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B&E This Fortnight
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Issue Date - 30/04/2012
Fix it, even if it isn’t...

India’s largest retailer, which also holds the dubious distinction of being under a debt load of Rs.78 billion, is trying to cut as many as 18 deals for fund raising and disinvestment in order to bring its mammoth debt to manageable levels. The deals include inducting a strategic partner for its flagship Big Bazaar & Food Bazaar stores and for the furniture chain Hometown. Besides, it plans to merge eZone with a services firm.

The top management is looking to streamline operations by strengthening logistics, and increasing focus on food & fashion – segments that witnessed an average revenue growth of 24% and 26% respectively over the last 5 years. If these deals are actualized, the company can expect to become debt free. The best part of this would be a more focussed Future Group as opposed to a needlessly diversified one.

Finally, a new dawn in sight

If M&As are anything to go by, the Indian IT industry seems to be regaining lost confidence. An optimal reflection of the same is Tech Mahindra’s announcement to go ahead with its plan to fully acquire its subsidiary Mahindra Satyam (in which it holds a 43% stake). The boards of both companies have agreed to a swap ratio of 2:17, i.e. for every 17 shares of Mahindra Satyam, 2 shares of Tech Mahindra will be given, which will eventually make the cost of acquisition for Tech Mahindra $1 billion.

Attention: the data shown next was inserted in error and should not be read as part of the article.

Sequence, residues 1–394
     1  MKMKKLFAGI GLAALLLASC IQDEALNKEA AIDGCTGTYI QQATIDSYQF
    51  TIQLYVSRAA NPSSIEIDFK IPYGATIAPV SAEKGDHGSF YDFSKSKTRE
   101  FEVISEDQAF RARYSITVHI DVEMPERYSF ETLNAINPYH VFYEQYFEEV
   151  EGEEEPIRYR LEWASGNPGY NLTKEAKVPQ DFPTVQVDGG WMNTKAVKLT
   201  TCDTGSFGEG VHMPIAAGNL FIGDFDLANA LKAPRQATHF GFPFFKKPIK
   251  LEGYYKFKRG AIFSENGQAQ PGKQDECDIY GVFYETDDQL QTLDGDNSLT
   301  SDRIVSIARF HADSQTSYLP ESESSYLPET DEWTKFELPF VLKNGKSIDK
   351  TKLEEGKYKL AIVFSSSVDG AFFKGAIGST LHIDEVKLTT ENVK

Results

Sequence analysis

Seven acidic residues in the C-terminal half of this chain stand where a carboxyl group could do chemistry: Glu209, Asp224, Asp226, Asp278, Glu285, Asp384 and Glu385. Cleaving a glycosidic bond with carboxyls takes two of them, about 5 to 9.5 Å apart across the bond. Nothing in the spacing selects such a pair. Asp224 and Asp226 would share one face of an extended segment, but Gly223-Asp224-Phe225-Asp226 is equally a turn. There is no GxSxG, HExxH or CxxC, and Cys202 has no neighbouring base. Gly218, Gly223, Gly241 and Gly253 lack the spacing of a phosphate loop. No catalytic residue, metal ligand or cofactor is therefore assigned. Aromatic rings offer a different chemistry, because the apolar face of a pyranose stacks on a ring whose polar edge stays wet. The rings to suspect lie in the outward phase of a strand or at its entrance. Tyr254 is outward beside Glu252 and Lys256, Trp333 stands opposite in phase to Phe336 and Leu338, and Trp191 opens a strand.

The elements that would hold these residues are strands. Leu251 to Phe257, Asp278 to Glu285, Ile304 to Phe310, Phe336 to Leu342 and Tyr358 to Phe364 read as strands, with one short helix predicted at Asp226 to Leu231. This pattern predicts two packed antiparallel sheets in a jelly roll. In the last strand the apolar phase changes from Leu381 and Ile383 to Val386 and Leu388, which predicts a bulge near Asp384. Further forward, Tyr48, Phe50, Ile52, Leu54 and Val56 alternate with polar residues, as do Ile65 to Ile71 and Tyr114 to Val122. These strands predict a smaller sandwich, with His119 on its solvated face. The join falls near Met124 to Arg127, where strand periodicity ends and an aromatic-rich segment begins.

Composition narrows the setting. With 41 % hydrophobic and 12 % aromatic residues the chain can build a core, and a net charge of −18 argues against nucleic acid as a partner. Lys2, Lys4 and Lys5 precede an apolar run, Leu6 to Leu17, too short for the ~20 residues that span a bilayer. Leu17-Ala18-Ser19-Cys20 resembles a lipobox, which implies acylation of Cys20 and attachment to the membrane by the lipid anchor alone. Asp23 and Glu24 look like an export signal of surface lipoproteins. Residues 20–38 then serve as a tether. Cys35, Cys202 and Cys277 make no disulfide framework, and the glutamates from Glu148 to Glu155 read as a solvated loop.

The deal will make the joint entity India’s fifth largest software exporter by revenues; generating over $2.4 billion for the last financial year. Post the completion of the deal, a major change in the top management is expected at Tech Mahindra, though CEO C. P. Gurnani is expected to continue in his current role.

Commenting on the development, Bhavesh Chauhan, analyst, Angel Broking said, “The swap ratio was expected. What will be more interesting to see is how the company competes with the bigger players in the league”. The merger will allow the newly formed entity to explore new verticals in IT services while it has been witnessing shrinking revenues from its largest vertical, telecom, for some time now. In particular, it has to improve its revenue share from BFSI, which was just 21% for Q3. Else, with banking on a revival mode, Mahindra Satyam may miss valuable growth opportunities just like Wipro did.


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